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Re: Anaconda threads and Yum with rpm backend



On 12/11/2012 01:12 PM, Martin Sivak wrote:
Hi,

My answer largely depends on the answer to this question:  What's the
last thing happening in the anaconda packaging thread before the
chroot
happens?  I'm trying to get some idea of how much communication takes
place between the packaging thread and others.  If it's not much,
we're
in luck.  If it's a lot, we're in trouble.

It happens between somewhere late in the "Starting package
installation process" and installing the first package. I was not able
to pinpoint it better since RPM is not holding the chroot stable (it is
releasing it and acquiring as needed) and Python threads got switched at
inconvenient moments so my debug prints were telling me I am chrooted
and unchrooted at the "same time"..

FWIW, the progress callbacks roughly indicate where it is: all the rpm.RPMCALLBACK_TRANS_* events occur inside a chroot - rpm.RPMCALLBACK_TRANS_START occurs right after the first switch into chroot, rpm.RPMCALLBACK_TRANS_STOP right before switching out of it.

rpm.RPMCALLBACK_INST_OPEN_FILE and rpm.RPMCALLBACK_INST_CLOSE_FILE occur outside the chroot (especially OPEN_FILE has to be there), IIRC everything else occurs inside the chroot.

Of course that doesn't help anything at all, even if one tried to somehow synchronize with the callbacks there's always a window of time between the actual chroot and the callback event.

If we have to workaround it, we have three possible actions to take:

1) Workaround the chroot in anaconda
- if we do this, Yum and RPM would loose the motivation to fix it at their side :)

Heh. While that's not entirely untrue either, anaconda suddenly doing something different is not really *the* motivation for fundamentally changing how librpm has always gone about its business. From rpm POV the bigger motivation is protecting the transaction itself from things like GUI-level bug bringing down the entire thing while in middle of transaction, accidentally closing a terminal where rpm/yum/whatever is running and so on.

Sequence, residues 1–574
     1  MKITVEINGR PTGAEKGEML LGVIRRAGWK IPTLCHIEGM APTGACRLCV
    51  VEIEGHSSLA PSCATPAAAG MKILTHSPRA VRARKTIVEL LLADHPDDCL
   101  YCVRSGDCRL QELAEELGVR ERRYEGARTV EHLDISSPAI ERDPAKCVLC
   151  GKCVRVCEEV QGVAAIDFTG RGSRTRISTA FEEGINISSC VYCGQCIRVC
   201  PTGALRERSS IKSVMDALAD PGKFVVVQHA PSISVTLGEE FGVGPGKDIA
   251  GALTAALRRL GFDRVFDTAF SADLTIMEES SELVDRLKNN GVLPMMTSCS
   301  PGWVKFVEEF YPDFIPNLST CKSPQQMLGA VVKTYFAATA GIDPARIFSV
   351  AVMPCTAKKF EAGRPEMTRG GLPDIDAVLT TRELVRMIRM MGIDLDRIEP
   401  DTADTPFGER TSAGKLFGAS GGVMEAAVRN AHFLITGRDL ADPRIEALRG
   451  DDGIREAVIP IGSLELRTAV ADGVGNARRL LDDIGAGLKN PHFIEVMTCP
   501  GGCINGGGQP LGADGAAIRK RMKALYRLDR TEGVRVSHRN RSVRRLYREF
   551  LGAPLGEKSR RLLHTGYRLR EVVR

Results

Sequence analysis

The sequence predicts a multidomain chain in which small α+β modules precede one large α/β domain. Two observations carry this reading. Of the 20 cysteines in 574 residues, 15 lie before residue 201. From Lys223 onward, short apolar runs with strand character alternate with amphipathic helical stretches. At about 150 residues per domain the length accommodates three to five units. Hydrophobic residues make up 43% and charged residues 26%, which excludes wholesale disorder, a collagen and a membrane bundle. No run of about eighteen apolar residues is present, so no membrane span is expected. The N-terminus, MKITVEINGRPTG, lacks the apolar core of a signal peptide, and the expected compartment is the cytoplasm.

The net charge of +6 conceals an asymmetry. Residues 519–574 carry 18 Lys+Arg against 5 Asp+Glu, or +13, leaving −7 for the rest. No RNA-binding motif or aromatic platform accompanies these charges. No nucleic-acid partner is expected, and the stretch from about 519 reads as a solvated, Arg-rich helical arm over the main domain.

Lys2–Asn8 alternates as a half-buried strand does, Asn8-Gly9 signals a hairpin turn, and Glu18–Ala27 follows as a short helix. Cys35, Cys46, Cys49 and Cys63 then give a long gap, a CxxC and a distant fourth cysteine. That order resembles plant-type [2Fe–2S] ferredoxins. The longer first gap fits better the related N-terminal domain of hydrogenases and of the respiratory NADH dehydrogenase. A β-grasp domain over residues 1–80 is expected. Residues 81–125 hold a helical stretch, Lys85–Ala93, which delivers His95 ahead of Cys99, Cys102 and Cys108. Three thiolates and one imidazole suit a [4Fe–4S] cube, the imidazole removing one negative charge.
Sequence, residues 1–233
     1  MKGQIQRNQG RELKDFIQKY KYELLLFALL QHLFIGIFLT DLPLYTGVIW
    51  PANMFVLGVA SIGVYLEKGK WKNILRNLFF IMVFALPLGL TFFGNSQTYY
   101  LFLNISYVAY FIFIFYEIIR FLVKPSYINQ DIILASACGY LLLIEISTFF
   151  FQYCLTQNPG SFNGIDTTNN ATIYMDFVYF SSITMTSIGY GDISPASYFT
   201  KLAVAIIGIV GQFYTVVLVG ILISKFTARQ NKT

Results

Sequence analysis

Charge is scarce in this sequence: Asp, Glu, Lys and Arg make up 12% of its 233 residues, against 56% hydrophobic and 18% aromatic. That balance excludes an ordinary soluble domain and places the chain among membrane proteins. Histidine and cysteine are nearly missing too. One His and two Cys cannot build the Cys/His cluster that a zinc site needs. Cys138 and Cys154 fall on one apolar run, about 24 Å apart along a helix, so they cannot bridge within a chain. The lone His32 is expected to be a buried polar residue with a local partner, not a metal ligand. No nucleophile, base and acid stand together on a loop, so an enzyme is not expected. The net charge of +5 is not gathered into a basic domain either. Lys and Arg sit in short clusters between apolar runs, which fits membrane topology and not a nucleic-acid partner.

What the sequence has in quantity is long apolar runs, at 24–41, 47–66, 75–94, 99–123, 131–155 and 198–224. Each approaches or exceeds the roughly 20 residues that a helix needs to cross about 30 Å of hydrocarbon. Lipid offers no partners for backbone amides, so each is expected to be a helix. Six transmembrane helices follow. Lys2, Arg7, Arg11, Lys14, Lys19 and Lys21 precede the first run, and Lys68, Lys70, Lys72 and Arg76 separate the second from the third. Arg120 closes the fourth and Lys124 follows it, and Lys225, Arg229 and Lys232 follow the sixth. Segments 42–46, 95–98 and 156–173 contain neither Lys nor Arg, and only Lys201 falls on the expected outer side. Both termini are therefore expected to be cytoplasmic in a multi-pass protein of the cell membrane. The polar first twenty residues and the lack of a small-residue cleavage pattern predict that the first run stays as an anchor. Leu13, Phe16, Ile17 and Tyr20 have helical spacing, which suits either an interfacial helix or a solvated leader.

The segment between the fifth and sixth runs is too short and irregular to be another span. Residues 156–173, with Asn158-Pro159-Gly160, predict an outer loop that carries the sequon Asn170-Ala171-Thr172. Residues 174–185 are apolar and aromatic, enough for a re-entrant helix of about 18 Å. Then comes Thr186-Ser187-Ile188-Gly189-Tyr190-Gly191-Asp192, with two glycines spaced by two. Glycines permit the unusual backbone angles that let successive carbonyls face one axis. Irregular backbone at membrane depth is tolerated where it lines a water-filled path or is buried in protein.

Another unrelated motivation towards such changes comes from SELinux (and other similar) camps like which would prefer limiting the amount of code running in the rather omnipotent rpm_exec_t context.

- we will have to invent a pipe based protocol for progress and error reporting + user's choices (bidirectional)
- we will have and ugly hack at the wrong place

Some kind of pipe-based, bi-directional protocol would be needed on yum/rpm level as well, only for considerably more data and other issues to somehow resolve: like mentioned some API users *expect* the chroots to occur in-process so if done on rpm level, it potentially requires changes to various pieces living on top of librpm. I guess a at least yum would only be happy to not have to worry about chroots, but it'd likely need to carry code for both behaviors to avoid suddenly growing a dependency on a very new rpm version.

So while I dont disagree such a thing would ultimately belong to librpm level, doing it is not exactly easy. The earliest possible opportunity for a change of that magnitude would be rpm 4.12 which would mean Fedora >= 20. And that's earliest possible *in theory*, we're talking about quite a drastic change in an old codebase deeply wired to the assumption of running entirely within a single process.

	- Panu -


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